"In a time when people are busy and rushed to do so many things, this notion of simplicity, ease of use, yet terrific quality is very appealing to people," explains the 25-year marketing vet who is responsible for all aspects of the Italian coffee company's North American marketing. She reports directly to Barry Sheldon, senior-VP commercial and marketing operations.
The company considers its competition to be established names in espresso, like Nespresso, as well as a growing cadre of smaller roasters and producers of gourmet packaged coffee, such as Starbucks, so marketing its Italian authenticity in an increasingly crowded category is a challenge. And while more people are using Illy's espresso machines and pods at home, plenty are still looking to enjoy the brand away from home too. To showcase Illy's in-store experience, the team has planned a visit to At65, the café at Lincoln Center. But just as we're headed out the door, Illy's team realizes the café isn't yet open. After a quick confab, the group decides we'll head to The Food Emporium at Third Avenue and 68th Street instead. I'll admit to being a bit surprised; I expected a carefully scripted store visit. But apparently, Illy is just that confident in its retail partners.
The baristas brewing Illy typically receive a week of training, Ms. Stotz says. And often, Master Barista Giorgio Milos, a charismatic Italian and longtime Illy employee, visits new accounts to teach them the art of brewing a perfect espresso. I can vouch for his training techniques: The Food Emporium employees, who clearly had no idea Illy's VP-marketing was in their midst, served up my second perfect cappuccino of the day.
Over our cappuccinos -- Ms. Stotz tries to limit herself to three a day, though some of her Italian colleagues have as many as seven daily -- the L'Oréal and Häagen-Dazs alum talked about marketing what she says is a "discovery brand," why Illy might be in the market for an agency, and the impact cheap espresso drinks are having on the category.
Ad Age: Who drinks Illy?
Ms. Stotz: First, they're passionate about coffee. They tend to live in urban centers, and we're very much a bi-coastal brand and an urban brand. They tend to be professional, highly educated. Somewhere around 25% have a graduate-level degree and the age break would be mid-30s to late-50s. Psychographically speaking, they're interested in food, wine and in seeking the best in life.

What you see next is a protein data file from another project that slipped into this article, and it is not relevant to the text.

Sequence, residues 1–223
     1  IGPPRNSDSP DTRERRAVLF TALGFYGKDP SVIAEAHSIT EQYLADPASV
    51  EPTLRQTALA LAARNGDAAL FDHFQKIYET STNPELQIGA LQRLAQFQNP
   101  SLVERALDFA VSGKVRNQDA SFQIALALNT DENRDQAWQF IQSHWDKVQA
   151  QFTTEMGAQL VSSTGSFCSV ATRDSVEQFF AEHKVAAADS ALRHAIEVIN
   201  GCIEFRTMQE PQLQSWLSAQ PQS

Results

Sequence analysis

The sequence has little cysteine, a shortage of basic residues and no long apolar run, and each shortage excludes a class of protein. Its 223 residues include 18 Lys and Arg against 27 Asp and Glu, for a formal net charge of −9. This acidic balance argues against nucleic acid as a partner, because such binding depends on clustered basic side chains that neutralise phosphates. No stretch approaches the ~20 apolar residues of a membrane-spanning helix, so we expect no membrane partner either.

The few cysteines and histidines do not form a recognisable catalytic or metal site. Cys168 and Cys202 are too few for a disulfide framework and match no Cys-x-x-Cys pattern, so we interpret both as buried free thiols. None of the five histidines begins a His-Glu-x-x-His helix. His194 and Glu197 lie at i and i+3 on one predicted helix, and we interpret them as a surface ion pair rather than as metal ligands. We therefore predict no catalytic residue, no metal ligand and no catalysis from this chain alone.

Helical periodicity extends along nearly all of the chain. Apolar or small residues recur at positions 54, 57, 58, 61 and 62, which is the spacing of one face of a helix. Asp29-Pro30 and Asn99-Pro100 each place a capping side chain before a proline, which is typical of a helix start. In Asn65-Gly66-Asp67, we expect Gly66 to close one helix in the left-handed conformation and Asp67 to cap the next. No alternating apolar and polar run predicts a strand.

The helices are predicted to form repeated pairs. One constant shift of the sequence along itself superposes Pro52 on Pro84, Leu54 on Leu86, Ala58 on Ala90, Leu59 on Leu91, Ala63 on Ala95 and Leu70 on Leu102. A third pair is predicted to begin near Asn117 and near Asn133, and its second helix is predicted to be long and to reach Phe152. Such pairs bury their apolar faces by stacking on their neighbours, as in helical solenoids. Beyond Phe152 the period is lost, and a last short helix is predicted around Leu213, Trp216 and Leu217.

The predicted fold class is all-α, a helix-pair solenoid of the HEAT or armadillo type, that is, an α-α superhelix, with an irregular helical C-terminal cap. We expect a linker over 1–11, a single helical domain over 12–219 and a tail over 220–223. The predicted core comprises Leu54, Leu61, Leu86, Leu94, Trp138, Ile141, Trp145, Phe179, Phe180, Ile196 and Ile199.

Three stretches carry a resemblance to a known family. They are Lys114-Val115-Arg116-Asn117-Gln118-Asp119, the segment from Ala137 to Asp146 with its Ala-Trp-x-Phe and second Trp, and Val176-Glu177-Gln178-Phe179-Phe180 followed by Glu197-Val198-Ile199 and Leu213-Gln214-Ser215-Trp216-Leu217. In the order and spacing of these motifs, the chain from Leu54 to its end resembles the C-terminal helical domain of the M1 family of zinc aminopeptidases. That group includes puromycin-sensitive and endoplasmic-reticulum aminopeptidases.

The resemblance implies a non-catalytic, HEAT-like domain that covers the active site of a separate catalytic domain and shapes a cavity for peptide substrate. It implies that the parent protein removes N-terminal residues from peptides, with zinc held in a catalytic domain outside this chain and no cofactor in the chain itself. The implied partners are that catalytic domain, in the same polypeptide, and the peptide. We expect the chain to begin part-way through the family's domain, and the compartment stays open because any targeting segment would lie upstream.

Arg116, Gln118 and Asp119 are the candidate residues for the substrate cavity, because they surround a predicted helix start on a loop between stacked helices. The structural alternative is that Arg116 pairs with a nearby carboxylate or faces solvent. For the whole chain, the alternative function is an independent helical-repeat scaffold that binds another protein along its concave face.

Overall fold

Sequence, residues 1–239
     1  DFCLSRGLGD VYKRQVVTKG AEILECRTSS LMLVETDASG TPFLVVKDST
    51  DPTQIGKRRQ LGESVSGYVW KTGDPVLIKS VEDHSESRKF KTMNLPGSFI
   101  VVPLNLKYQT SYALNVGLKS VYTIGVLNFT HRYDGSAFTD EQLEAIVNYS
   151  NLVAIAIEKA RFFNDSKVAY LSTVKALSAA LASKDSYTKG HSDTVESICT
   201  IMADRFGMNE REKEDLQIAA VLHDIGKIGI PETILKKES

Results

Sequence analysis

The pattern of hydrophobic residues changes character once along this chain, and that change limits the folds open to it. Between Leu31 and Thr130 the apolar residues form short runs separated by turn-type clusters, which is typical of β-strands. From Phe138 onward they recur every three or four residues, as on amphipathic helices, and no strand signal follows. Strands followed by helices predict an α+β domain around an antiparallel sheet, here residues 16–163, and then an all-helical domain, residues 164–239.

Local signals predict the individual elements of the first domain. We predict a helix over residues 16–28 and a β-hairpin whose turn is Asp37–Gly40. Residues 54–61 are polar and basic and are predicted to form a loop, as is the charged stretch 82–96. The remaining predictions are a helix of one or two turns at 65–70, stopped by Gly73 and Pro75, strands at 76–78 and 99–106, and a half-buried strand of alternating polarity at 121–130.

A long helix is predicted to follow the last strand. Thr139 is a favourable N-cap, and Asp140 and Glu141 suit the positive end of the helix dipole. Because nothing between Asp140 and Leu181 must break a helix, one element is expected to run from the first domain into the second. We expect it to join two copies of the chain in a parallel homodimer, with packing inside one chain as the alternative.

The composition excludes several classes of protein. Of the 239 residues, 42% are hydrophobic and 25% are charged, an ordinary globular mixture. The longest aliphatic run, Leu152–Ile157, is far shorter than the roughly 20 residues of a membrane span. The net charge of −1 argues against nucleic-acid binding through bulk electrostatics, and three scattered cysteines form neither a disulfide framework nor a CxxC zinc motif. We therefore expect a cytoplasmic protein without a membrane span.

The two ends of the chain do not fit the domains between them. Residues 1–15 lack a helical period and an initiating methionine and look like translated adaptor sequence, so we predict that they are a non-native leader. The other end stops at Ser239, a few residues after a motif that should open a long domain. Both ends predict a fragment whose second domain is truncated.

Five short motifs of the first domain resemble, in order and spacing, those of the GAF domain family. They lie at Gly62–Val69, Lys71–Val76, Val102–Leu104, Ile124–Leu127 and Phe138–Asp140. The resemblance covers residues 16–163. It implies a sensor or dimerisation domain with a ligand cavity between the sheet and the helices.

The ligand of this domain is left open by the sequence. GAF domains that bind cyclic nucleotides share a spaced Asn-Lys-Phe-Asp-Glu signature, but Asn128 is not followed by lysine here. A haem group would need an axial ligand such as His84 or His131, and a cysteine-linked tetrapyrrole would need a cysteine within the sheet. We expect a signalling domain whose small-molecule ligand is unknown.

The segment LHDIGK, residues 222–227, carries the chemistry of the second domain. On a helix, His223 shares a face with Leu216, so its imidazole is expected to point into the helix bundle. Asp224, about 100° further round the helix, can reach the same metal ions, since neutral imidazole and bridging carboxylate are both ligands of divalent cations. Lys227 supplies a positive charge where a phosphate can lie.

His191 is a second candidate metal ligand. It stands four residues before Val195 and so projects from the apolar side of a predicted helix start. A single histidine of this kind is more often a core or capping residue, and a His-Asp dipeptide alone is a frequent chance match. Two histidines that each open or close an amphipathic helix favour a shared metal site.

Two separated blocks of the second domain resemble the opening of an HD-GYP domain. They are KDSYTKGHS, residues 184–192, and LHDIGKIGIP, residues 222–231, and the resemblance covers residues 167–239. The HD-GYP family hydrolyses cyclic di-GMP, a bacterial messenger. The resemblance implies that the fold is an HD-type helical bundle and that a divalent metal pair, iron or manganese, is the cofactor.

Ad Age: How do you market a 'discovery brand?'
Ms. Stotz: We could summarize what we do in marketing of Illy here in North America as active engagement. I've been here now for 12 years, and I can say that when you're a small brand, when you're really a high-end brand, you have to be very deliberate in the kinds of marketing that you do. We could do a lot of passive marketing or media, but what we believe is that, in order to really convert a consumer to drinking Illy, we need to actively engage them. They need to taste the coffee, try the coffee, and we need to talk to them a little bit and educate them about the coffee.
Ad Age: According to Kantar Media, Illy spent just $3 million on measured media last year, so what are you spending on?
Ms. Stotz: We've done a number of initiatives where we tie in with events. An example; We participated in the New York Wine and Food Festival. We had a pop-up lounge for about a week where we were able to bring in foodies, journalists and consumers, to showcase our love of art, one of our core brand associations. At the same time we were sampling and serving coffee the whole week. That's a good example of experiential marketing.